Millions of Consumers Feel Overwhelmed and Forget To Pay Their Bills
Hey, let me ask you this. Have you forgotten to pay your bills?
(audio: Steve Martin bit): Two simple words in the English language. I forgot. How many times do we let ourselves get into terrible situations because we don't say, I forgot. Let's say you're on trial for armed robbery. You say to the judge, I forgot armed robbery was illegal.
Ric: Well, that was Steve Martin, of course, and his very famous bit of just forgetting to pay taxes. Well, you know what else people are forgetting to do these days? They're forgetting to pay their bills. JPMorgan Chase says 1% of its credit card customers are now 30 days delinquent. Pacific Gas and Electric says 1.4 million of its customers are past due. That compares to 900,000 prior to the pandemic. AT&T says more of its customers are falling behind on their bills, too. According to surveys of consumers, they say they're just overwhelmed and they're forgetting to pay their bills.
Maybe Steve Martin was onto something. And since people are forgetting to pay bills, maybe they need help in doing so. Not remembering, mind you, but in actual paying. So along comes more stimulus. Do you really think we're going to see a fourth stimulus package from the federal government? Well, maybe via a student loan forgiveness package, although that's not actually money in your pocket. It's merely a bill you don't have to pay at the end of the month. But you weren't paying it anyway for the past two years because there was moratorium on student loan repayments. But other than that, no, don't expect the Federal Government to offer another stimulus package, but you might be able to expect one from your state government. California is going to give as much as $1,000 to 23 million residents of California. Oregon's giving $600 to every household to more than about a quarter of a million of them. Colorado is giving $750 to every taxpayer. In Virginia, a big tax cut is coming to taxpayers there as well. These governors and state legislatures are all saying we're flush with cash. Let's give it back to folks and put money in their pockets.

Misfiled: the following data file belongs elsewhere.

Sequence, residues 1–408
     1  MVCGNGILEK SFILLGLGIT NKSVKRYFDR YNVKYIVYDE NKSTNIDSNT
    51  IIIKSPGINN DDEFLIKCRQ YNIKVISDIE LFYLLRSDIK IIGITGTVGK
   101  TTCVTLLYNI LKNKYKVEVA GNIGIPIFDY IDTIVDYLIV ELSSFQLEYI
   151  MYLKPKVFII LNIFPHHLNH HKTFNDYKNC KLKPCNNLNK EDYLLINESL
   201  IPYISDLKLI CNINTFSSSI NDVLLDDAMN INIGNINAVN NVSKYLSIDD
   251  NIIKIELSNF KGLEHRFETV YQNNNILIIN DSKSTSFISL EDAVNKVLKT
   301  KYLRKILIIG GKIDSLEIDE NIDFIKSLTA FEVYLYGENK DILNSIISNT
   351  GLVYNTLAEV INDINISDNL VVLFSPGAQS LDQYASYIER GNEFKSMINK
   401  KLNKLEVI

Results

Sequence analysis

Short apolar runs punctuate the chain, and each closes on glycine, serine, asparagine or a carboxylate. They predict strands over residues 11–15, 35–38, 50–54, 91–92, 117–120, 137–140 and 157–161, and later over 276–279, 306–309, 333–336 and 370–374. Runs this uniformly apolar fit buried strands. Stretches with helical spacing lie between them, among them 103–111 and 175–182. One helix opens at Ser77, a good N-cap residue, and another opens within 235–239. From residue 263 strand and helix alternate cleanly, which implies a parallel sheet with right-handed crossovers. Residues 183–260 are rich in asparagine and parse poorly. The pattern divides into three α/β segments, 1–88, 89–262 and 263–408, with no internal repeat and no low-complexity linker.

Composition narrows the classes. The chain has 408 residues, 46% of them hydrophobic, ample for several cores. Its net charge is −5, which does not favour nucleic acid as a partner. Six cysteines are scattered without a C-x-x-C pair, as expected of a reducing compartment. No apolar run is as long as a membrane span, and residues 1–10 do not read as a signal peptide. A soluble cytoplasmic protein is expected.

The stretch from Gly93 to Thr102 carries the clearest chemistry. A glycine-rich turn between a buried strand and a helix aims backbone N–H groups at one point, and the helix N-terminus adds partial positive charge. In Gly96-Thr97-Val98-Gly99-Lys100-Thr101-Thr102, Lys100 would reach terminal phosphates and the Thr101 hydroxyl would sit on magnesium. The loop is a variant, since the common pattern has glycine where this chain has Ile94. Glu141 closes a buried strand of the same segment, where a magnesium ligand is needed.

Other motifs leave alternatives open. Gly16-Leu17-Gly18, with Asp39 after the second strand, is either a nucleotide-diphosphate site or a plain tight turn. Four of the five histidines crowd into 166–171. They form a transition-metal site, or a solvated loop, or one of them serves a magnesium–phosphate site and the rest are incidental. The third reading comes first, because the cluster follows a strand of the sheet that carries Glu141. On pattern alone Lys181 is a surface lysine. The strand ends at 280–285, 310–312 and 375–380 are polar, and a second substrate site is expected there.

The question becomes, are consumers going to get addicted to these government bailouts, federal or state? Is it keeping people out of the workforce knowing, hey, all I gotta do is sit back and wait for the check to show up. And what happens when those governments discover they gave to the taxpayers more than they really could afford to give? Is this just accelerating future tax increases? We'll have to wait and see because who knows what the truth is going to hold?